My latest for the Catholic Telegraph, weekly paper for the Archdiocese of Cincinnati, appears this week. (Loyal readers here will notice a common theme with my Easter Homily.):
The Final Four always draws a big following. From the moment the brackets are released to the final horn of the tournament, college basketball seems to be the only thing discussed. Productivity reports even suggest that the first two days of the tournament are the least productive work days of the year in America. Everyone seems to be listening in online, predicting the upsets, and if your team is not in the ‘Big Dance, then rooting for Cinderella to keep that slipper on becomes a primary focus.
What amazes me every year during this tournament is the amount of energy and passion devoted to researching the next opponent, analyzing math-ups and actually watching the games. It is an annual holiday!
This year, the first two rounds of the tournament coincided with Holy Week and the celebration of Easter. I wonder what would happen if we spent the same energy and enthusiasm in our faith that is spent on a basketball tournament. After all, as enjoyable as the tournament is, it will not bring us to Eternal Life like our pursuit of the faith!
Imagine if we researched our Catholic All Stars (the saints) as we did potential MVPs for a basketball game; if we idolized and emulated Saints like Peter, Paul, Agatha, Lucy, or Anastasia as we do some of our professional athletes. Instead of the horrific examples offered by modern celebrity, we would have heroic examples of self-sacrifice, purity, passion for Our Lord and the desire to give it all over for Christ. Would not the world be a better place?
Really, it is not that difficult. One of the simple ways to do this is have a ‘home team’ of saints. List a patron saint for each member of the family, either based on their name, their birthday, confirmation patron, or chosen profession. This would be a constant reminder that we are not alone in our journey, but have constant companions leading us closer to Christ. Praying for the wisdom and guidance of these saints during meal and evening prayers reinforces this continual presence.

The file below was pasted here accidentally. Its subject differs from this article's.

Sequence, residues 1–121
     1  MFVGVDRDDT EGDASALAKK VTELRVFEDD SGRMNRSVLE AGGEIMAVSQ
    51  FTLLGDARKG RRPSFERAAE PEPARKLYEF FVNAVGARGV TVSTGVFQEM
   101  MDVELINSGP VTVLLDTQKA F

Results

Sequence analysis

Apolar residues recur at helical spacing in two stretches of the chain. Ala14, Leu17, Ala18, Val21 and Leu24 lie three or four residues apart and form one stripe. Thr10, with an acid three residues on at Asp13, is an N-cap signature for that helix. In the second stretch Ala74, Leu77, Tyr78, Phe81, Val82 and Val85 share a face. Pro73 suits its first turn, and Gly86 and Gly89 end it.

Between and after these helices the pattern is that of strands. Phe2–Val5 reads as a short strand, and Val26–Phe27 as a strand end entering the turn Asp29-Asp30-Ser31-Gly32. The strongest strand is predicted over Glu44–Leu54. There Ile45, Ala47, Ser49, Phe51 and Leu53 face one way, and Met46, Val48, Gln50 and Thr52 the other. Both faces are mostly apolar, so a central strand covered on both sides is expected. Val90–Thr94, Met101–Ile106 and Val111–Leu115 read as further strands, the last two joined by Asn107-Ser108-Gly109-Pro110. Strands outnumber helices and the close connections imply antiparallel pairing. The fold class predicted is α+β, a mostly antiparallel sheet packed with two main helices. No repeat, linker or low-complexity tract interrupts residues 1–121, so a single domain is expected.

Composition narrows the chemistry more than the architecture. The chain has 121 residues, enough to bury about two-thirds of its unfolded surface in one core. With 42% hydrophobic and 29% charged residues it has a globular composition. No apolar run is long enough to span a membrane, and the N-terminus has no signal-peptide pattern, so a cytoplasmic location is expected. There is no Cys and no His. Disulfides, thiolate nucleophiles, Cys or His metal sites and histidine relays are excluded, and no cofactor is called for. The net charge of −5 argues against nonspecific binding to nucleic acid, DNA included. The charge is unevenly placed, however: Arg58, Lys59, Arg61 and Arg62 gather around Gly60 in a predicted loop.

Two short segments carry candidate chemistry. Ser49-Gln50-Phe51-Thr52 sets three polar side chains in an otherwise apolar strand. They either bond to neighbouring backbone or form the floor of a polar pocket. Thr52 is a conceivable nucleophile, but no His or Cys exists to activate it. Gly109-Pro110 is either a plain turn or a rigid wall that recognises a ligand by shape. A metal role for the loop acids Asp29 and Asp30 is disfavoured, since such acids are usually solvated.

I see another interesting paradox in life as well. During so many sporting events, from the grade school fields surrounding parishes all the way to the two massive ‘cathedrals of sports’ on the Cincinnati riverfront, we often argue about the interpretation of rules: whether this was a called third strike or was really out of the zone; was that drive through the lane really a charge or a block, did the receiver get both feet in-bounds; but we rarely argue about the rules themselves. The Official Rulebook is seen as the guide to keep all things fair, and to promote safe and equitable play on both sides of the ball. Because of this, coaches, players and fans all pour over the rulebook so that they can keep each other on task and in the playing field.
Yet, the rules of life as dictated by the Church (the Ten Commandments) are often seen as nuisances, bothersome, or irrelevant. This is a dangerous position to inhabit, as the One who gave us life is the designer and source of these rules; and just as a rulebook for a particular sport is designed to promote fair and just play; our rule book for life is designed to bring us to Eternal Life, which supplies a greater and more lasting joy than a Super Bowl championship ever could.
G.K. Chesterton stated that “it is not that Christianity has been tried and found wanting, rather it is that Christianity was found difficult and therefore not tried.” Living the ‘Rule Book of Life” as found in the Catechism of the Catholic Church and based in the Ten Commandments is not easy. Jesus never promised that it would be. But what He does promise is that He will be with us until the end.
To reach any championship in sports takes dedication, sacrifice and perseverance. The saints have used these traits, plus that great abundance of grace from Christ, to reach the great championship of a life in heaven. Should we not also strive for the same?